Reducing Bullying and Peer Mistreatment Depends on Your Perspective

Reducing Bullying and Peer Mistreatment Depends on Your Perspective

by Charisse Nixon

Here’s what we know

Although there seems to be improvements related to the prevalence of bullying in the most recent years, peer mistreatment is still a very serious concern for far too many students.

So what can we do? We know that bullying prevention is not just about doing one thing—and in fact, there is no silver bullet. But, we also know that how we approach bullying prevention does matter. What we focus on does determine our course of action, and ultimately, our effectiveness.

The importance of the lens

Think about what lenses do for us. For some of us, they correct our astigmatism. For others, they add color and/or depth. In short, lenses allow us to see things we wouldn’t necessarily have seen before.

For example, do we really believe that all children have the capacity for positive change—even Jodi? Joseph? What about that one child you are very concerned about?

The answer to this question depends on our lens. This article is not meant to be exhaustive. Rather, it is meant to challenge our perspective on bullying prevention in our own neck of the woods. If needed, it can help us consider adopting a different set of lenses.

1. Ecological Lens

We know that peer mistreatment does not happen in isolation. Instead, it is part of a larger culture, affected by many relational systems. Subsequently, our prevention and intervention efforts must also be addressed through many overlapping relational systems across many different contexts. These include our schools, families, and communities. An ecological lens directs us to take a comprehensive approach to bullying prevention.

2. Strengths Perspective Lens

Historically, bullying prevention has focused primarily on mitigating destructive behaviors related to the peer mistreatment. While it is important to reduce at-risk behavior (i.e., peer mistreatment), it is equally important to focus on promoting and sustaining positive, protective factors among our youth. To promote positive developmental outcomes, we must understand students’ strengths as well as their liabilities and challenges. Our job is to create learning environments for students, steeped with opportunities to develop the social, emotional and cognitive skills needed to actively support one another, and constructively cope with challenging experiences. One strengths-based approach that is particularly relevant to bullying prevention work is applying the lens of positive youth development (PYD). The PYD approach focuses on developing students’ strengths by developing their character (respect, sense of right and wrong), caring (empathy), connection, confidence, and competence (conflict resolution skills, coping strategies). Additionally, the PYD approach advocates that youth need meaningful opportunities to contribute. This lens directs us to focus on students’ strengths, as well as provide opportunities for them to meet their basic needs in a proactive, constructive manner (e.g., acceptance, belonging, sense of control).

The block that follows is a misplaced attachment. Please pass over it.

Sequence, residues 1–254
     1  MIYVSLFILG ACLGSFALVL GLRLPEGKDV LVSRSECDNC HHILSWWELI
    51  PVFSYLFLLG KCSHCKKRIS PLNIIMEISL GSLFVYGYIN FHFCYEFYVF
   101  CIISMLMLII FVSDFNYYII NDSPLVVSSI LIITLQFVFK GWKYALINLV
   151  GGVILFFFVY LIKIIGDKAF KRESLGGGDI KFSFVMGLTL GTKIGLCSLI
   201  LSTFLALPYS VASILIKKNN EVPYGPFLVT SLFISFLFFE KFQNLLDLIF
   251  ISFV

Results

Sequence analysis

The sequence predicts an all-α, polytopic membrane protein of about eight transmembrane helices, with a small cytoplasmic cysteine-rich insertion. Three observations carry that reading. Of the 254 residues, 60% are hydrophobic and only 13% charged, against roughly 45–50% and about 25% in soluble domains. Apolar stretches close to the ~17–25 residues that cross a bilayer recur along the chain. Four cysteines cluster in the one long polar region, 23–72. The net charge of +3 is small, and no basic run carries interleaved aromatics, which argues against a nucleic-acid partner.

A strengths-based approach is also consistent with implementing effective, social emotional learning (SEL) programs. For example, we know that empathy development is a key component in effective bullying prevention. Unlike so many other attributes that are tied to socio-economic status, gender, race, etc., empathy is an equal, opportunity lender: Anyone can give it, and anyone can receive it, but it needs to be taught, cultivated and maintained. Empathy has the potential to level the playing field for everyone. Effective SEL programs can contribute to safer and more connected schools.